October 17 marks the debut of the Flagstaff Star Party, a community event celebrating Flagstaff’s dark skies and featuring more than one dozen telescopes for public viewing. The event runs from 6:30 to 10:00 p.m. at Buffalo Park.
Amateur and professional astronomers from the Flagstaff community will operate a variety of telescopes of many sizes, allowing guests to view star clusters, galaxies, nebulae, and much more. Sky experts will also point out constellations using green laser pointers.
The goal of the Flagstaff Star Party is to share Flagstaff’s world–renowned dark skies and demonstrate the beauty of this natural resource. Lowell Observatory Director Jeff Hall said, “This is the first of what we hope will become an expanded annual event recognized nationally.”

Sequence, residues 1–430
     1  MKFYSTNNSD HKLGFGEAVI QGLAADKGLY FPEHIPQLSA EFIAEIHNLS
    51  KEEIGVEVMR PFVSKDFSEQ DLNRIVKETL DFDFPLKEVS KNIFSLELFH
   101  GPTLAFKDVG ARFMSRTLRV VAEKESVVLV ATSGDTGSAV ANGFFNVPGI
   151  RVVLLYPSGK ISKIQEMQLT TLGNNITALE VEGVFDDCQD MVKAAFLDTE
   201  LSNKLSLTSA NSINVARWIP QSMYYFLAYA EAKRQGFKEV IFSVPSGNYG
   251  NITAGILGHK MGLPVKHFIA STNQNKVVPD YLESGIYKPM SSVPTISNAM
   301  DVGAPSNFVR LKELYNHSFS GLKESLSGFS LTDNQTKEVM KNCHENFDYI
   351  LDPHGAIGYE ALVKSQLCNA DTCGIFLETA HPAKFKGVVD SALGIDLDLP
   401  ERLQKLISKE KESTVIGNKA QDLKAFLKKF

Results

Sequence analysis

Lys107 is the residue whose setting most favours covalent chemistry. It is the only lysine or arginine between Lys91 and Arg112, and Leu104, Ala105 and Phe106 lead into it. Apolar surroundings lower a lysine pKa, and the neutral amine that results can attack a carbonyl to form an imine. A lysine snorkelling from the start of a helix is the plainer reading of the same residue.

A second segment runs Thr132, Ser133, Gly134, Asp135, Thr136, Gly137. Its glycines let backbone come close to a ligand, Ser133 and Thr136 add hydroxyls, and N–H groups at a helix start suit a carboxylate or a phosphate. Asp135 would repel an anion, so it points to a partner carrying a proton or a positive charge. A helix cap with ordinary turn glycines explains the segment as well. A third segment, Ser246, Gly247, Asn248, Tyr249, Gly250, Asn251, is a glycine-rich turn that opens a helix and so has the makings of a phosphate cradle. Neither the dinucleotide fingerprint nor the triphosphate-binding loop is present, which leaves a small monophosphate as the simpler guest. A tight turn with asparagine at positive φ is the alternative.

Host organizations include the Flagstaff Dark Skies Coalition, Lowell Observatory, Coconino Astronomical Society, City of Flagstaff, NAU Physics & Astronomy Department, and the U.S. Naval Observatory Flagstaff Station. Flagstaff City Manager Kevin Burke said, “The City of Flagstaff is pleased to support the Flagstaff Star Party and its overarching theme of demonstrating the importance of dark skies to Flagstaff’s culture, economy, and quality of life.”
Star party officials encourage guests to dress warmly and wear closed-toed shoes. In the event of poor weather, the star party may be rescheduled for the following evening, October 18. Changes will be posted at http://www.flagstaffdarkskies.org/flagstaff-star-party/
The Flagstaff Star Party is a component of the community’s year-long “Year of the Night Sky” celebration of Flagstaff’s dark sky heritage. Retired U.S. Naval Observatory astronomer Chris Luginbuhl, a member of the diverse group organizing “Year of the Night Sky” events, said of the year-long celebration, “Although astronomy is important, protecting the night sky just for astronomers would be like protecting the Grand Canyon just for geologists. Our hope is that “Year of the Night Sky” events will provide opportunities to look upward at night and help all of us think more broadly about night skies.”